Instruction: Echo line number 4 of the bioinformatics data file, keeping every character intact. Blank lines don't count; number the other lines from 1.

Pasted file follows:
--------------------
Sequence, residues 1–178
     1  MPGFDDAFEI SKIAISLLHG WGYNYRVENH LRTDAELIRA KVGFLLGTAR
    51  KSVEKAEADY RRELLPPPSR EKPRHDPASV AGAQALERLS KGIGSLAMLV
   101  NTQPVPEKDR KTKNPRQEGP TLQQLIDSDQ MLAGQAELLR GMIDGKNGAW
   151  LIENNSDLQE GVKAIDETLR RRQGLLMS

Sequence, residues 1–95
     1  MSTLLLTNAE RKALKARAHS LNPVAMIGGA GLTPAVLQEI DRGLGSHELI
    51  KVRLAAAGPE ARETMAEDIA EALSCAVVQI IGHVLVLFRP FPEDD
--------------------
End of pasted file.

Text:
   101  NTQPVPEKDR KTKNPRQEGP TLQQLIDSDQ MLAGQAELLR GMIDGKNGAW